When it comes to parenting, everyone has an opinion on basically every aspect. How you should discipline your kids and what you should feed them, how you should educate them and if you should have them vaccinated; there isn't a single thing that isn't grist for the mom-guilt mill, and sleeping arrangements are at the top of the list. Some people swear by co-sleeping and some people think it's a dangerous practice. Since it's a controversial topic, there are things no one will tell you about co-sleeping. That's where I come in.
When we first brought my son home from the hospital, he slept in a Moses basket beside my bed. I thought that was a perfect solution to the "getting up five times a night to nurse a baby while I'm healing from a c-section" conundrum I was initially facing. As time past though, I kept noticing how cold he was when I would pick him up to nurse him. He was freezing and I'm not exaggerating. Regardless of what he slept in — sleep sack, footie pajamas, gown with socks — he was always super cold which, of course, freaked me out.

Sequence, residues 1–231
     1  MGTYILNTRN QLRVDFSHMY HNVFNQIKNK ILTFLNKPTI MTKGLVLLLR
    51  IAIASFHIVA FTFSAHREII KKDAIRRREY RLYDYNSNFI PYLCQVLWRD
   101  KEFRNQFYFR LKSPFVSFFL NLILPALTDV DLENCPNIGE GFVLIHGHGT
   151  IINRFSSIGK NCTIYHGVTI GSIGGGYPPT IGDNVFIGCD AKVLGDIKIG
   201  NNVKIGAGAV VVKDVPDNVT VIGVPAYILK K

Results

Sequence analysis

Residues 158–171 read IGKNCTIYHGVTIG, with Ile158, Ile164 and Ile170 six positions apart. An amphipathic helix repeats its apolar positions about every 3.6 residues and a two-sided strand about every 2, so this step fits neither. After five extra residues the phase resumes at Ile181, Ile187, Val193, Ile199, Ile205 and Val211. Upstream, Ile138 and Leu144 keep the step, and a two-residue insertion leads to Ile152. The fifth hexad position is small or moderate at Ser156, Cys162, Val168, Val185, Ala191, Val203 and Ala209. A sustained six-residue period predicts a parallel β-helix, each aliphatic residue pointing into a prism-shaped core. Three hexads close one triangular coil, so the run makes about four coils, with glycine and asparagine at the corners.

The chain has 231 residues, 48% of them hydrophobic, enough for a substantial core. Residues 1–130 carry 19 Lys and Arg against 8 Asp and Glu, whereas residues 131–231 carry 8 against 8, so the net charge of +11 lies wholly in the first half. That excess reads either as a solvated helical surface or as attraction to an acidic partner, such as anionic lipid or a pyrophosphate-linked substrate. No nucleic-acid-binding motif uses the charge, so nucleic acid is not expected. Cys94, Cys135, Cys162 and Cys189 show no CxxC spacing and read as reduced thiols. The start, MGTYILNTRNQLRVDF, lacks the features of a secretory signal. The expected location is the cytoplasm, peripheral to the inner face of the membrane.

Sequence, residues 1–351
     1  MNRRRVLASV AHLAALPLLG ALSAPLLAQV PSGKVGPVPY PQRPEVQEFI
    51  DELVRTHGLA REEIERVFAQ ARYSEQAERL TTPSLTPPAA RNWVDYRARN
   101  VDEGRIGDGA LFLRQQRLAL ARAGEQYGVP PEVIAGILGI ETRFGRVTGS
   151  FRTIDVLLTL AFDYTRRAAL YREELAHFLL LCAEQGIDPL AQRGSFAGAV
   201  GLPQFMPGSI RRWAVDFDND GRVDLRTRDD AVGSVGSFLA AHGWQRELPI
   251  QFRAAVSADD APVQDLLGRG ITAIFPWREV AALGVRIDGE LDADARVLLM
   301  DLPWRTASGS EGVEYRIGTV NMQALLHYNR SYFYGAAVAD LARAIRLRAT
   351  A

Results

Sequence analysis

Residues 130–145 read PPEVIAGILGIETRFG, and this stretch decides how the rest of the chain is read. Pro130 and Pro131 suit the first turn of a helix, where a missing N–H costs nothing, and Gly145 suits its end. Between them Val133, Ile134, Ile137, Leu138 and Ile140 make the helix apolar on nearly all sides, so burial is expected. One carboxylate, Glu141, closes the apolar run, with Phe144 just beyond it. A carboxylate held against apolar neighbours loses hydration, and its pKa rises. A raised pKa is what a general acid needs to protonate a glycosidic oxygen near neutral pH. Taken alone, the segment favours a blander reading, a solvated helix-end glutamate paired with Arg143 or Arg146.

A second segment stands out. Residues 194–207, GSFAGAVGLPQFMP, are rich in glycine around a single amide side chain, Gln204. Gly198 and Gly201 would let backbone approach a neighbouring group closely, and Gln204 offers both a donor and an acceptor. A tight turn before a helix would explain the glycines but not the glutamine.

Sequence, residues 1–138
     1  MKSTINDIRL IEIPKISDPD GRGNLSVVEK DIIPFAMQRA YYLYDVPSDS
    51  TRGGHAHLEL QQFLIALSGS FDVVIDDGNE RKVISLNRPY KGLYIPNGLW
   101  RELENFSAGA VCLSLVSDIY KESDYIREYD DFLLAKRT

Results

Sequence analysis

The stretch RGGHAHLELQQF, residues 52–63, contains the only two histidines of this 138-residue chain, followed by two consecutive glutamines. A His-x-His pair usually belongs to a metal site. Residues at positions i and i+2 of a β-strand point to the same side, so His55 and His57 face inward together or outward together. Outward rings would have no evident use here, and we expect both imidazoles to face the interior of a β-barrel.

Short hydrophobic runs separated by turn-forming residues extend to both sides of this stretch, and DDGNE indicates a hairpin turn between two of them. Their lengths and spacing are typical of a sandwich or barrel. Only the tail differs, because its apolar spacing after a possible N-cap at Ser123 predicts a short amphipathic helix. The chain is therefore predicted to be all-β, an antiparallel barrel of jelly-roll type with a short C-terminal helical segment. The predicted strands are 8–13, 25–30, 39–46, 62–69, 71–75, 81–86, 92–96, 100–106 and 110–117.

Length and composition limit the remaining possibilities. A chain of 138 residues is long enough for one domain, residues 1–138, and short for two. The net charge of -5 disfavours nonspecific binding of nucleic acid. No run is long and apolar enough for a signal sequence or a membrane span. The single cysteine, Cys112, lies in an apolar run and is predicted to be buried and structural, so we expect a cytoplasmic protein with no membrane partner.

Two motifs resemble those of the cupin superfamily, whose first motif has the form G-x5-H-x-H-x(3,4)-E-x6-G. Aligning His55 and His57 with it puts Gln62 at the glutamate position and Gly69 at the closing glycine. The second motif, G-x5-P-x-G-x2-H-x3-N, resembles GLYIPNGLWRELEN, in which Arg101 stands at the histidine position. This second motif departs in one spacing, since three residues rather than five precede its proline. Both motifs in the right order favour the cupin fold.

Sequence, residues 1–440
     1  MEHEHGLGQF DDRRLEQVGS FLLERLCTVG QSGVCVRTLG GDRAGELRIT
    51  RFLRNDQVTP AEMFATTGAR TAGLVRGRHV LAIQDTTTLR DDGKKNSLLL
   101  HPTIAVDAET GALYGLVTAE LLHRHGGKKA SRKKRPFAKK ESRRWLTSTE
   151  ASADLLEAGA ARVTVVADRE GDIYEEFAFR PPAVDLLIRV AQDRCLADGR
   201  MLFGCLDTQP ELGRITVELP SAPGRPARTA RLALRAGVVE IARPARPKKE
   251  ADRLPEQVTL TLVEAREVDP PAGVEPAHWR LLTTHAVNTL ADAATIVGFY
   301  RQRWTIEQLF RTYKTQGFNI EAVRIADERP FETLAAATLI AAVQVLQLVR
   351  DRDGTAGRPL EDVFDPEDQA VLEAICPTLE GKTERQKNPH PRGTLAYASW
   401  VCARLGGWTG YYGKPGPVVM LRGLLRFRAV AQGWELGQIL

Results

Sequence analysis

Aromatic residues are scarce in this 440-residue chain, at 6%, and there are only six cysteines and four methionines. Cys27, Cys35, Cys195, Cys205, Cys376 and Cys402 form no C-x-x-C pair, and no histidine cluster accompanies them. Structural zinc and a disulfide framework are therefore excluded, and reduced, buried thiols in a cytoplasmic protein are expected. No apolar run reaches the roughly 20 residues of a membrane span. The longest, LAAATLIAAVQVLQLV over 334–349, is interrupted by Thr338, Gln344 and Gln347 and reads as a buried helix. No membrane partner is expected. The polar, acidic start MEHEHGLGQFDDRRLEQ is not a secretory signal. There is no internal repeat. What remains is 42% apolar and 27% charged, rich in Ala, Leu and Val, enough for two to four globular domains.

As a paranoid new mom, convinced that if she took her eyes off her baby for even a second he would die of SIDS, I was terrified and I was exhausted and I needed to remedy both situations as quickly as possible. So, one night I bit the bullet and I put my son in bed next to me. I slept. In fact, I slept better than I had in weeks. I was relaxed but aware of him in a very real way. I knew he was beside me, and I either unconsciously or instinctively positioned my body to his body so that he was safe.
In other words, co-sleeping was a game-changer. There hasn't been a night since that first bed-sharing experience (aside from when I was in the hospital delivering his brother) that I have not co-slept. However, for all it's life-changing amazingness, co-sleeping isn't always unicorns and rainbows and warm, fuzzy feelings. Here are a few of the pitfalls of co-sleeping that people might not want to share: